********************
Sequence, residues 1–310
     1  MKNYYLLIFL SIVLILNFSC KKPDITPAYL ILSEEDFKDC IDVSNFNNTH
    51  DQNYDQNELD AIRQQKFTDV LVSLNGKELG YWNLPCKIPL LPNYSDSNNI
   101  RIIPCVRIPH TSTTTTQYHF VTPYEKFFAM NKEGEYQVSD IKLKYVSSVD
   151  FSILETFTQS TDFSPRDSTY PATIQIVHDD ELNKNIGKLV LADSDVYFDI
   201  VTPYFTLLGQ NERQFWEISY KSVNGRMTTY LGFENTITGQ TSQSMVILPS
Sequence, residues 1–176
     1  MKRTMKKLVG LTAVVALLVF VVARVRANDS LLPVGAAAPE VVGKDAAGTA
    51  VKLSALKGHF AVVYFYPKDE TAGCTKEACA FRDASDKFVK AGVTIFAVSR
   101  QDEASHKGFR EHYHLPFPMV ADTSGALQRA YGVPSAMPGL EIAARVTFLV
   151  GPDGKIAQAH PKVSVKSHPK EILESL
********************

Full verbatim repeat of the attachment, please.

Sequence, residues 1–310
     1  MKNYYLLIFL SIVLILNFSC KKPDITPAYL ILSEEDFKDC IDVSNFNNTH
    51  DQNYDQNELD AIRQQKFTDV LVSLNGKELG YWNLPCKIPL LPNYSDSNNI
   101  RIIPCVRIPH TSTTTTQYHF VTPYEKFFAM NKEGEYQVSD IKLKYVSSVD
   151  FSILETFTQS TDFSPRDSTY PATIQIVHDD ELNKNIGKLV LADSDVYFDI
   201  VTPYFTLLGQ NERQFWEISY KSVNGRMTTY LGFENTITGQ TSQSMVILPS
Sequence, residues 1–176
     1  MKRTMKKLVG LTAVVALLVF VVARVRANDS LLPVGAAAPE VVGKDAAGTA
    51  VKLSALKGHF AVVYFYPKDE TAGCTKEACA FRDASDKFVK AGVTIFAVSR
   101  QDEASHKGFR EHYHLPFPMV ADTSGALQRA YGVPSAMPGL EIAARVTFLV
   151  GPDGKIAQAH PKVSVKSHPK EILESL